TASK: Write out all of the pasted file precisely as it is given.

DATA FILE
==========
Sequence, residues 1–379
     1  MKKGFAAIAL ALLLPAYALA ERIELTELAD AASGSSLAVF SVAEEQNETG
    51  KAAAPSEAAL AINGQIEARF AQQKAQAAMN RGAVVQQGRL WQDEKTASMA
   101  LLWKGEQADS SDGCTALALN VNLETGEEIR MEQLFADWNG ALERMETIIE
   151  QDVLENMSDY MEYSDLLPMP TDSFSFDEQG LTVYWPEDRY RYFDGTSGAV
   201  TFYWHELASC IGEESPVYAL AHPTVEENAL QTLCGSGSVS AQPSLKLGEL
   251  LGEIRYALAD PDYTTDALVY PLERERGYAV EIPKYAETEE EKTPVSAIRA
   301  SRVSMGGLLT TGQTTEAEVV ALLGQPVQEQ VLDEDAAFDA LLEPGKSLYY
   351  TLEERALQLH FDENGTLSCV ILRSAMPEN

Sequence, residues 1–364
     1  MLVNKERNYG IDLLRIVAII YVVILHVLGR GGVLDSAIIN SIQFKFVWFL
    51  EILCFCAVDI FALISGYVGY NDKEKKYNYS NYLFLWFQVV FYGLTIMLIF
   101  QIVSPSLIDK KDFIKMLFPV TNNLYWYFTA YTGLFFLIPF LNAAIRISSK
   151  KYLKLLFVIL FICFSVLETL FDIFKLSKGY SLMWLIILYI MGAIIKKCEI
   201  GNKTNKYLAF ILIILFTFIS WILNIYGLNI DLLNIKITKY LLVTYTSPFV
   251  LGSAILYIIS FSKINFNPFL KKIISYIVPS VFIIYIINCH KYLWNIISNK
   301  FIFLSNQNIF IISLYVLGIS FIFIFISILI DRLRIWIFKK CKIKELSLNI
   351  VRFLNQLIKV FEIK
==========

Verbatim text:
Sequence, residues 1–379
     1  MKKGFAAIAL ALLLPAYALA ERIELTELAD AASGSSLAVF SVAEEQNETG
    51  KAAAPSEAAL AINGQIEARF AQQKAQAAMN RGAVVQQGRL WQDEKTASMA
   101  LLWKGEQADS SDGCTALALN VNLETGEEIR MEQLFADWNG ALERMETIIE
   151  QDVLENMSDY MEYSDLLPMP TDSFSFDEQG LTVYWPEDRY RYFDGTSGAV
   201  TFYWHELASC IGEESPVYAL AHPTVEENAL QTLCGSGSVS AQPSLKLGEL
   251  LGEIRYALAD PDYTTDALVY PLERERGYAV EIPKYAETEE EKTPVSAIRA
   301  SRVSMGGLLT TGQTTEAEVV ALLGQPVQEQ VLDEDAAFDA LLEPGKSLYY
   351  TLEERALQLH FDENGTLSCV ILRSAMPEN

Sequence, residues 1–364
     1  MLVNKERNYG IDLLRIVAII YVVILHVLGR GGVLDSAIIN SIQFKFVWFL
    51  EILCFCAVDI FALISGYVGY NDKEKKYNYS NYLFLWFQVV FYGLTIMLIF
   101  QIVSPSLIDK KDFIKMLFPV TNNLYWYFTA YTGLFFLIPF LNAAIRISSK
   151  KYLKLLFVIL FICFSVLETL FDIFKLSKGY SLMWLIILYI MGAIIKKCEI
   201  GNKTNKYLAF ILIILFTFIS WILNIYGLNI DLLNIKITKY LLVTYTSPFV
   251  LGSAILYIIS FSKINFNPFL KKIISYIVPS VFIIYIINCH KYLWNIISNK
   301  FIFLSNQNIF IISLYVLGIS FIFIFISILI DRLRIWIFKK CKIKELSLNI
   351  VRFLNQLIKV FEIK